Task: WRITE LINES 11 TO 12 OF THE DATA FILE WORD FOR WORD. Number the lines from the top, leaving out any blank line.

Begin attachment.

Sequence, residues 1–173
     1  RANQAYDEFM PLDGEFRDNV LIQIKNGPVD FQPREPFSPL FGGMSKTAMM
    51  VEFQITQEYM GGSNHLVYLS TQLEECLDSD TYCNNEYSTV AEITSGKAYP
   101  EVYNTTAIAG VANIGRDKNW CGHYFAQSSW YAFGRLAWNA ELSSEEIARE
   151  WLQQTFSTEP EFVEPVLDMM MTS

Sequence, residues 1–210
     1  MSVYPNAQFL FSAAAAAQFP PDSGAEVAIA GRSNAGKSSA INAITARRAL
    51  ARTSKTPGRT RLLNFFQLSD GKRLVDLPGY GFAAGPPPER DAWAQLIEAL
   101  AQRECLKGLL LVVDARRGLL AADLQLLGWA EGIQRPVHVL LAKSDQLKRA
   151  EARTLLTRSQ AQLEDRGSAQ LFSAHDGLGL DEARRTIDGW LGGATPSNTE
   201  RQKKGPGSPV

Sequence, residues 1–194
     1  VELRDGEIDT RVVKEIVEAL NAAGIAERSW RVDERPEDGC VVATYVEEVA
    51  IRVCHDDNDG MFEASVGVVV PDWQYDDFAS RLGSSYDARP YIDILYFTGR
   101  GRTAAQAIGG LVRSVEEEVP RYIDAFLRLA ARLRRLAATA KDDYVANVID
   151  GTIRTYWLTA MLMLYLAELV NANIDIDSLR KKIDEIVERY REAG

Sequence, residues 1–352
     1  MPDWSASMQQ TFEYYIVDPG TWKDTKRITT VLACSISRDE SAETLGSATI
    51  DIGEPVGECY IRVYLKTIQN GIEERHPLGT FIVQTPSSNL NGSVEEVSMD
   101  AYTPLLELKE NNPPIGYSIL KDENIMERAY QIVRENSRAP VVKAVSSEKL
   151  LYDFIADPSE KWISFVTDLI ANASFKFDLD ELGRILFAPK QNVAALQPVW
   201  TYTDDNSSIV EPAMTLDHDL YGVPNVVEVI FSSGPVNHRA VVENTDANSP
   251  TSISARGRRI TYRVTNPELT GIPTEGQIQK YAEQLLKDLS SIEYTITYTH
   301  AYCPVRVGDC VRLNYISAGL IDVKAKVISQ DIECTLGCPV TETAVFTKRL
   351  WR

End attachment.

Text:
   201  RQKKGPGSPV

Sequence, residues 1–194